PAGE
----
“Oh Lord, you have searched me and you know me.” Psalm 139:1 (NIV)
My husband and I recently watched Avatar for the second time, and I was struck again by the indigenous peoples’ traditional greeting – “I see you.” For this native tribe, these words meant something much more than our American culture’s typical “Hi, how are you?” When they said “I see you”, it was a recognition of the soul of the other, an acknowledgement of the whole person, a deeper knowing. This concept touched something in me, but soon got jostled aside by a crowd of other thoughts. In the way that things sometimes happen, a few days later, our pastor, who is from South Africa, spoke of a similar greeting in the Xhosa language. When two people meet as they cross the vast expanses of the African veldt, they say to one another, “sawubhona.” Literally translated, this means, “I see you.” Surprised, I began to wonder how God might be speaking to me through this “coincidence.”
When I hear the words, “I see you,” something inside me hums. It’s like the sounding board of a guitar or violin. When the musician plays something on the strings, the hollow space inside the instrument picks up the vibration and amplifies it, transforming bare notes into a lovely resonance, into music. As a therapist, it was essential to be this sounding board for my clients. By not just listening, but truly hearing their stories and understanding their reality, I was able to receive the notes of their life, resonate with them and transform them into something healing. In the mental health field, it’s called “feeling felt,” that moment when you sense that someone really gets you, that they see, understand, and care about you. It creates a space of safety and trust. It feels amazing to be known in such a way. But in order to give this gift to others, it requires a quality of inner stillness that is not easy to achieve. If I can’t quiet myself, if I am vibrating with my own thoughts and problems, I can’t receive the other person. When our minds are preoccupied with the details of our busy lives, we fail to really see the people we come in contact with. Sometimes that includes our family members or closest friends, a sad commentary on how closed off we have become. It is as if we had tacked a piece of cardboard over the hole in the violin, so that when others speak to us, the sound is deadened, and we fail to receive the beauty they have to offer. And far too often, we do the same with God.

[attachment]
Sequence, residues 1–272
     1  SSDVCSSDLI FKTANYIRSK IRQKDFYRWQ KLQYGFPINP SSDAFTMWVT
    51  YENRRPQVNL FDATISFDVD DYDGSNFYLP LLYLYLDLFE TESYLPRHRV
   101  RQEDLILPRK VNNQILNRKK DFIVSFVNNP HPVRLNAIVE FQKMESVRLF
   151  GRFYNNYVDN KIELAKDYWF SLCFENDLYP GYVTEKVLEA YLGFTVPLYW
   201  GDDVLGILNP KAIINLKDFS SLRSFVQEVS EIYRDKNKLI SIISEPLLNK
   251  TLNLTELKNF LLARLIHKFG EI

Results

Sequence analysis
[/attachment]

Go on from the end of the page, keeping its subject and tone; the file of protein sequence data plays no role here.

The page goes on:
We are often too distracted to notice God’s presence in our lives. I confess that sometimes I rush through my morning devotions, reading a short Scripture passage and uttering a quick prayer before moving on to the rest of my day. Frankly, I think God would like it better if I merely sat in silence and stillness and said, “I see you.” Thomas Merton says “The deepest level of communication is not communication, but communion. It is wordless.” So many times, my words get in the way of truly communing with God, gazing at God adoringly and being gazed upon in return. The thing is that God is always there, waiting, longing to fix her Divine and knowing gaze upon us. God embodies the essence of “I see you” in a way that no human ever could. God knows all of our stories from beginning to end. God knows our joys and our sorrows and understands us completely. God recognizes our soul, hidden though it may be behind all our masks and walls. But we keep dodging, never sitting still long enough to receive God’s deep knowing, his love and compassion. Imagine the vibrations, the resonance that would begin to sing if we were to be still, turn our full attention to the Beloved and lift up a three word prayer, “I see you.”
And what kind of difference would it make to the way we greet others if we were to bathe ourselves in the Divine light on a regular basis? Perhaps then we would be able to greet each person we meet with the Hindi salutation, “Namaste,” which, roughly translated, means “The Divine within me perceives and adores the Divine within you.” Namaste. Sawubhona. I see you.
 The Asian Journal of Thomas Merton, ed. Naomi Burton, Brother Patrick Hart, and James Laughlin (New York: New Directions, 1973), 308.